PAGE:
We have focused on leadership and the key attributes of great leaders so far this week. Today we will look at the worst type of leader and raise your awareness to the behaviors of insecure leaders.
For many of us that have been in the workforce for a few years, we have experienced many different types of leaders. There are those that are inspirational, motivating, thoughtful, mentors and unafraid to build great teams with people that are more skilled then them in many areas. Then there are leaders that do not belong in a position of leadership – Insecure leaders.
Insecure leaders are dangers. Dictionary.com shows the reason why these leaders can be dangerous. Insecurity is defined as being, “subject to fear & doubt, anxious, a risk & danger, and not firmly or reliably placed.” When insecurity is present in a leaders life it becomes a cap to their influence and effectiveness. It hurts the people around them, and the organization.
Insecure leaders are highly threatened by the truth, by facts, by transparency and by honesty. In order to protect their lofty, undeserved positions of power, they campaign against talented people that pose a threat to their positions. They lie, they commit to tasks that they never deliver upon, they mislead co-workers, they fail to communicate, they miss deadlines, they undermine all positive things and worst of all, they are toxic to the companies they work for, creating environments of distrust and ineffectiveness. They make excuses about every deadline they miss or every project they fail to do because they say “I was too busy”, “I have too many other things to do”, “I did not understand the process”, or “I don’t care about the process, I just needed to get something done”. Of course, all that means is that the people that know how to get it done right will now have to fix it, wasting much more time and creating both employee and client dissatisfaction.
Insecure leaders like to distract employees and business partners by focusing on tasks that are not important or do not create customer or employee benefit/value. They want to find that one nugget of information that substantiates their beliefs so they can use it to their advantage and create a hostile environment. This is how they maintain control. This “rope a dope” technique of focusing people on unimportant, irrelevant topics is part of their modus operandi to distract their co-workers from focusing on their leadership and managerial inadequacies. They are the masters of publicly agreeing to key strategies in meetings with their bosses, only to undermine these decisions in conversations with their subordinates. You might hear a statement like, “Although this was the agreed to decision, it will never work”, or “This is what I committed to, but let’s do it this way.” Have you heard any of these before?
A leader who is insecure cannot successfully lead those around them. This is because their actions, attitude, and motives are controlled and driven by their personal insecurity. Below are some negative characteristics and unhealthy aspects of an insecure leader:
- They control people, systems, polices, and are micro managers.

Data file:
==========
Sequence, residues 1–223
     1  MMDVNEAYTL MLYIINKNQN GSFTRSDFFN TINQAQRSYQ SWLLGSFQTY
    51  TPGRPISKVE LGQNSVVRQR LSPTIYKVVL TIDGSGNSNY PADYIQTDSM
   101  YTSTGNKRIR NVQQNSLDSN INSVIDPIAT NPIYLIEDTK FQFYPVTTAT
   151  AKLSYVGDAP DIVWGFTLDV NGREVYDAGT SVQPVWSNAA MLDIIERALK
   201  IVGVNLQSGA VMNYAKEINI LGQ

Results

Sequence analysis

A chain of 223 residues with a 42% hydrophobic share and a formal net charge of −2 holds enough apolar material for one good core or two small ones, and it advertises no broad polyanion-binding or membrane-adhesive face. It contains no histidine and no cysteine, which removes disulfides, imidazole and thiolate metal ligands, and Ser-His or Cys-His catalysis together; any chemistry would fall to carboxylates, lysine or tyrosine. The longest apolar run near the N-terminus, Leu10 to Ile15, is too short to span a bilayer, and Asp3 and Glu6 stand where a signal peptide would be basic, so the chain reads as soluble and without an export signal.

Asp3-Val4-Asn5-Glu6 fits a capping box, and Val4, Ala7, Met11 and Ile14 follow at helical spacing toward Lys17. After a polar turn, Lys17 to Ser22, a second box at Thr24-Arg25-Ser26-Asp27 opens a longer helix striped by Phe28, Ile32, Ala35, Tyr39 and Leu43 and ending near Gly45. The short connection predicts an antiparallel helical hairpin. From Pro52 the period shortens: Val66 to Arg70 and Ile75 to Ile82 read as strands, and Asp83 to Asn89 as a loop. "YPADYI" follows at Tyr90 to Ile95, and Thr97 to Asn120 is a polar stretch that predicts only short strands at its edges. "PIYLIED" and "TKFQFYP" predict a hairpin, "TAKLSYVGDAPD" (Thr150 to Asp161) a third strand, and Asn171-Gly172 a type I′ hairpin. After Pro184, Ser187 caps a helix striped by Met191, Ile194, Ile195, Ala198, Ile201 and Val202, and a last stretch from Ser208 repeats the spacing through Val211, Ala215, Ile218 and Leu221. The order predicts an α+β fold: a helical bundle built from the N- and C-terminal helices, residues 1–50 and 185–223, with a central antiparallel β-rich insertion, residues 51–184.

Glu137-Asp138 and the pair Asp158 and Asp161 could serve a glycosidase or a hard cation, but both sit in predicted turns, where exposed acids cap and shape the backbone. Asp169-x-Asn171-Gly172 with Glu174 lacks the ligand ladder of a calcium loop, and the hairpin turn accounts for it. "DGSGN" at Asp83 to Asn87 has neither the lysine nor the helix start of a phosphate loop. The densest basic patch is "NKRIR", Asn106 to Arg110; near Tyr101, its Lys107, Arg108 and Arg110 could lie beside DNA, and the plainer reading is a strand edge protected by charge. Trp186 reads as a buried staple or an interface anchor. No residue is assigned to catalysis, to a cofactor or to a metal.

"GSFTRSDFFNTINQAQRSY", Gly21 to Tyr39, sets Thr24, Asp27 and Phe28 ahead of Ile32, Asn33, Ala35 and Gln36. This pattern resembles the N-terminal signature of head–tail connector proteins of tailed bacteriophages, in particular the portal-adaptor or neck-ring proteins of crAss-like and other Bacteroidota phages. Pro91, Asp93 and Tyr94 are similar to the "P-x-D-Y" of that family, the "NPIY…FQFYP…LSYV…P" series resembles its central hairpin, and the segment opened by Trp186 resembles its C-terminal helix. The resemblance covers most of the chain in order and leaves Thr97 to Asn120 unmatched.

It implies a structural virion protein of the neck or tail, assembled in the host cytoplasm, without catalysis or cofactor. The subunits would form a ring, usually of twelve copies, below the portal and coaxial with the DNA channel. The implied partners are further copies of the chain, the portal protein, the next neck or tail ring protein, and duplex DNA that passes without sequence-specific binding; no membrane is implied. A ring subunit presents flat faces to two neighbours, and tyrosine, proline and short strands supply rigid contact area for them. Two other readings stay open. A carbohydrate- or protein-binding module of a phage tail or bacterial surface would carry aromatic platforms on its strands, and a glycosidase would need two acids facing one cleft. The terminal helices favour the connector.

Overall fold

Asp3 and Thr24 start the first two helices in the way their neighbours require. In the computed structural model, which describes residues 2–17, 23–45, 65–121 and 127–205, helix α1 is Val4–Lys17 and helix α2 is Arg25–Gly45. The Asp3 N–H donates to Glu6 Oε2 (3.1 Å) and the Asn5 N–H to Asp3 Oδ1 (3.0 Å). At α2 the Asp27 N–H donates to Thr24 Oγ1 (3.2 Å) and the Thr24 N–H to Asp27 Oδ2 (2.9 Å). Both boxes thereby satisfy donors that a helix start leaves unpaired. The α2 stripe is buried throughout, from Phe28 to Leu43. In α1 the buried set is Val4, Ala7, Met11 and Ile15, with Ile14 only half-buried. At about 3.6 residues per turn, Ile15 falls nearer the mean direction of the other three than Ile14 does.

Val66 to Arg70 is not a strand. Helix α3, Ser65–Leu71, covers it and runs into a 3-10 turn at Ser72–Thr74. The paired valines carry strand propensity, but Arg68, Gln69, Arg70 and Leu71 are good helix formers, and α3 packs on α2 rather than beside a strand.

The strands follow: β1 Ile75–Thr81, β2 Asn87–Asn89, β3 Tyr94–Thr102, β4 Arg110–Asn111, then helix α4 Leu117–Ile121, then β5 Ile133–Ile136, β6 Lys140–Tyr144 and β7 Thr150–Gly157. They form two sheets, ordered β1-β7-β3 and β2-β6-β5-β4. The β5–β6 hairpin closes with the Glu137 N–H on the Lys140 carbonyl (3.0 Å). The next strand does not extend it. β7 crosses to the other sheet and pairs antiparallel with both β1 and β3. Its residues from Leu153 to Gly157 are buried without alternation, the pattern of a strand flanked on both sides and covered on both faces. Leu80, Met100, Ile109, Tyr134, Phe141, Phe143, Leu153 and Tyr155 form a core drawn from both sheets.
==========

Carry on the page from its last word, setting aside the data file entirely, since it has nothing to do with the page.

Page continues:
- They avoid partnering or hiring smart, talented, and people better then themselves.
- They create an insecure work environment.
- They avoid moving outside of their comfort zone.
- They resist personal, organizational, or team growth or change.
- They avoid calculated risks because of the fear of failure.
- They don’t encourage or empower their people.
- They guard against building open and strong relationships.
- They see others through their insecurity.
Great leaders and great companies identify this type of leader immediately and take action. The behaviors are painfully obvious. Great companies rid themselves of these insecure leaders and more importantly, stop hiring people with these traits. Great leaders do not listen to these insecure leaders, they do not fall for their unhealthy charm or their “opinions” of other co-workers that are threatening to their existence. Insecure leaders do not care about the company or their co-workers. They only care about themselves, their careers and feeding their egos at the expense of others.
No person or leader, however good they might be, is exempt from potentially becoming or being insecure. This is why it’s essential to be able to identify and eliminate insecurity from our life. To do this I suggest:
Lead yourself – The most important person you can lead is yourself. An important aspect to leading is to become self aware. This mean you are aware and comfortable with your strengths, weaknesses, personality, temperament, and emotions. You know you have been uniquely made and you accept it. A powerful way to avoid insecurity is to be aware and have control of your inwards thoughts and dialog.
Develop trusted relationships- The people in your inner circle will either lead you forward or hold you back. This is why it’s essential to build friendships with secure, positive, and confident people. When you have trusted relationships, those people can help you spot areas you need to change (Insecurity is one area) and be a support for you.
Do you know any leaders like this? If you do, call your CEO now and tell them.